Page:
As it was in 2008, the campaign for the Presidency of the United States has turned ugly over the question of religion. Former Pennsylvania Senator Rick Santorum has attacked President Obama over his "phony theology," which he later said was in reference to President Obama's "radical environmentalist" agenda. That environmentalism, even if supposedly radical, is being confused with theology is beyond bizarre.
Former Massachusetts Governor Mitt Romney accused President Obama's administration to have "fought against religion," a reference to the Obama administration asking all employers, including faith-based (but not churches), to cover contraception in their health insurance drug plan. President Obama's compromise, which allows women to receive contraceptives without religiously affiliated organizations having to directly pay for it, has earned the support of many Catholic employers and women's health providers. But it was not enough to stop Mitt Romney from making ludicrous accusations. Former Speaker Newt Gingrich, not to be outdone, has accused President Obama of "infanticide."
During the contraceptive controversy, a few religious leaders accused President Obama for allowing the state to interfere with religion, certainly a line that should never be crossed. But this principle should be equally applicable to both state and religion. Religious leaders should not interfere in matters related to state.
While many religious leaders act responsibly by refusing to use their pulpit to sway voters, some have waded into the thicket of political fights by acting as surrogates to political candidates and parties. Franklin Graham, a well-known evangelical preacher, recently cast doubt about the president's faith. The candidates for president all remained silent, suggesting a tacit encouragement for using doctrinal purity to determine eligibility for political office. Such silence seems paradoxical given that three of the candidates are religious minorities, two Catholic and the third a Mormon. Moreover, why has religion been narrow-casted so as to revolve around a few hot button political issues of abortion, contraception and gays, to the exclusion of arguably more important topics such as poverty, justice and corruption, issues that all religions discuss at length?
Had Mitt Romeny, Rick Santorum and Newt Gingrich been consistent in their defense of religious liberty, one may have been slightly forgiving of their hyperbolic rhetoric. But they chose to wave the flag of religious liberty only when it suited them politically, after all Catholics make up nearly one quarter of the electorate. Disconcerting is their silence when other religious minorities are subject of government intrusion of their constitutionally protected rights.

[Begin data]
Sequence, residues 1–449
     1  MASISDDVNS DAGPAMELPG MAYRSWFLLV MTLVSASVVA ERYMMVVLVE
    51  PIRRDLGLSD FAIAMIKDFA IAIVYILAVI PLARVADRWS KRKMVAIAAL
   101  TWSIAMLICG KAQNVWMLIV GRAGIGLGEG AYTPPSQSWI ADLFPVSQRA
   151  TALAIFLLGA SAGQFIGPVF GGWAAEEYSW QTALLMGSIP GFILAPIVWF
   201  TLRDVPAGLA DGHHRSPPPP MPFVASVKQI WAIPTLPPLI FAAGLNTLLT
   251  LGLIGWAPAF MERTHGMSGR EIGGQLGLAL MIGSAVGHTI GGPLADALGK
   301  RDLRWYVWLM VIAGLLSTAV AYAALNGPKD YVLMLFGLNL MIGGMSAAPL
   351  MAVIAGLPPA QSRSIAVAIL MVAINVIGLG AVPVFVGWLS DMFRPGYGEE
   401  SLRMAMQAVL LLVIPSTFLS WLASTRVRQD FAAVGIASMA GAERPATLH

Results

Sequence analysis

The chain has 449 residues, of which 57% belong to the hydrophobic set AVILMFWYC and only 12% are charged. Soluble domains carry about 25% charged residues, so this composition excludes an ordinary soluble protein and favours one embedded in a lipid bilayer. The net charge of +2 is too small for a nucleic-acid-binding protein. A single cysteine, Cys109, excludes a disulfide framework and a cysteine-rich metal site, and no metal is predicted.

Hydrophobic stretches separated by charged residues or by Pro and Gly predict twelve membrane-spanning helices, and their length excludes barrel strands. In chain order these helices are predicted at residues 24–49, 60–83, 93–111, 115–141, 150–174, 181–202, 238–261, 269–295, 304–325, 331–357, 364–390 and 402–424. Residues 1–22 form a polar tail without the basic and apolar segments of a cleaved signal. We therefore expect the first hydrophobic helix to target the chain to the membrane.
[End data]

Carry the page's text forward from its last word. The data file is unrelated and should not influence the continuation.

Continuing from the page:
A recent Associated Press investigation has revealed that the New York Police Department monitored Muslims in New York and surrounding states for no other reasons except their faith. According to the AP,
"Police trawled daily through student websites run by Muslim student groups at Yale, the University of Pennsylvania, Rutgers and 13 other colleges in the Northeast. They talked with local authorities about professors in Buffalo and even sent an undercover agent on a whitewater rafting trip, where he recorded students' names and noted in police intelligence files how many times they prayed."
President Obama's silence is also disconcerting. However, in the past his Justice Department assured Muslim leaders that the Obama administration will remain vigilant against religious profiling. Following an investigative report in the Wired Magazine, which showed material being used for training law enforcement contain many falsehoods about the American Muslim community, FBI Director Robert Muller met Muslim and Arab leaders. He assured them that the Bureau is removing from the curriculum any material that contains factual errors or stereotypical depiction of Muslims and their faith. Recently, President Obama apologized when reports surfaced of Qurans being mistakenly burned at the U.S. military bases in Afghanistan.
Religion is very close to the heart of all who practice their faith. Making religion a wedge issue is a great disservice to our nation, where diversity of religious views is our strength. The great poet Rumi pricked our conscience best when he asked, "Why do you stay in prison, when the door is so wide open?" Why take a narrow view of religious liberty and only express outrage when it is politically expedient? Such opportunism undermines the pluralistic fabric of our nation, which requires all of us to work together to solve our problems, even while holding dear our deepest differences.